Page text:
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The Difference Between a Standard and a Preferred Vendor


Recently, I attended a customer workshop where the customer declared that they standardized on x86, VMware and Linux.

That got me and my colleague thinking about what standardization really means and whether that actually makes sense.

The workshop was actually about defining a PaaS platform for the customer, and early in the process they just said: Fine, but it’s gonna be x86, VMware and Linux, because that’s our standard. WTF?

What Standards are Not

x86 is not a standard, it’s a processor architecture. VMware is not a standard, it’s a hypervisor implementation. And Linux is not a standard either, it’s an operating system.

J2EE is a standard, and the only one that is relevant to the particular project we were talking about: The goal was to create a Private PaaS Cloud for the customer, and J2EE is the standard that establishes the interface between the PaaS cloud as a service provider and their customers. Nothing else.

Once the interface between you and your internal customers is defined through a standard, it doesn’t matter what processor architecture, what hypervisor or what OS you are using to deliver against that standard. At least not to the consumers of your service, because the purpose of defining an interface is to abstract away all implementation details from your customer so you get to choose the best possible way to provide your service!

Standardization is a Common Language

Standardization is about agreeing on a common language so you’re free to use whatever you want to do your job. Standardization should not dictate your choice of CPU, Hypervisor or OS. It’s that simple.

So the next time you say “We have standardized on x86”, you’re really saying: We have limited our choices of CPUs and stopped thinking about them. Think twice because you may be missing a lot of opportunity.

And that brings us to another important principle in building clouds: After you define the standard that abstracts your service away from your customers, there’s no point in using any type of standardization at a lower level than that. This is best explained in this blog post about PaaS is not Middleware over IaaS.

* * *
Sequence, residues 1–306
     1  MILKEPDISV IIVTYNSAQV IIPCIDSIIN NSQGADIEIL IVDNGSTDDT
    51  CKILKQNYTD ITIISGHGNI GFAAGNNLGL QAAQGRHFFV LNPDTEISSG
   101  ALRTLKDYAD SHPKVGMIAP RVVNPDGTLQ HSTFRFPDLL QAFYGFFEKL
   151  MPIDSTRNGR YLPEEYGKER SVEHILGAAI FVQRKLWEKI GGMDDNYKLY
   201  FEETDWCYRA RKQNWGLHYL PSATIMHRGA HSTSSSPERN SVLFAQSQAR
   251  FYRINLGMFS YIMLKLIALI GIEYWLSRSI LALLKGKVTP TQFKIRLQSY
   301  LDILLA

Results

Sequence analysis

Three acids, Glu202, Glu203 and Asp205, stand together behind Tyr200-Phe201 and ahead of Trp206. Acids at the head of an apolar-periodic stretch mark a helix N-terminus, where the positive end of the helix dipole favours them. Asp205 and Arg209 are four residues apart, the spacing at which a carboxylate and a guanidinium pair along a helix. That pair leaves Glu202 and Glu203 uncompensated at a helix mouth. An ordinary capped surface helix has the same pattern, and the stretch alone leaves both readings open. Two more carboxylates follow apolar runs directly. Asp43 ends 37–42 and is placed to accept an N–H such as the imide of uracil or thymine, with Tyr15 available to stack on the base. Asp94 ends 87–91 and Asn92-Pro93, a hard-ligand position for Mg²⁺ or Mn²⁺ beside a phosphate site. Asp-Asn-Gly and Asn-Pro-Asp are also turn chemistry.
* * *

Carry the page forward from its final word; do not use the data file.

Which means: If you’re about to create a PaaS service, you should do whatever is necessary to make it as efficient as possible, without resorting to someone else’s service. Because that would limit your choices, limit your service level and limit the opportunities you have in making your approach to delivering your service as efficient as possible.

So here are some good architecture principles for building clouds and establishing standards:

  • Standardize on one thing only: Your interface between you, the service supplier and your customers, the service consumers.

  • Don’t accept any standardization below the level of the interface you provide, because it limits your choices and your opportunity to deliver quality.

  • Learn to distinguish standardization from choosing a preferred vendor. They are different things with different purposes.

And here’s the plan on how to build clouds:

  • Define the service that you want to deliver as a standard. It could be Database as a Service, J2EE as a service or even dogfood as a service.

  • Make that service definition as product agnostic as possible. It should survice at least ten years of usage.

  • Stop caring about your service consumers (they have the manual, right?) and start optimizing the heck out of your service delivery stack, without any restrictions on what technologies, vendors or stuff you use.

Really, it’s that simple. But it’s not “We have standardized on x86, VMware and Linux.”


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This is the blog of Constantin Gonzalez, a Solutions Architect at Amazon Web Services, with more than 25 years of IT experience.

The views expressed in this blog are my own and do not necessarily reflect the views of my current or previous employers.

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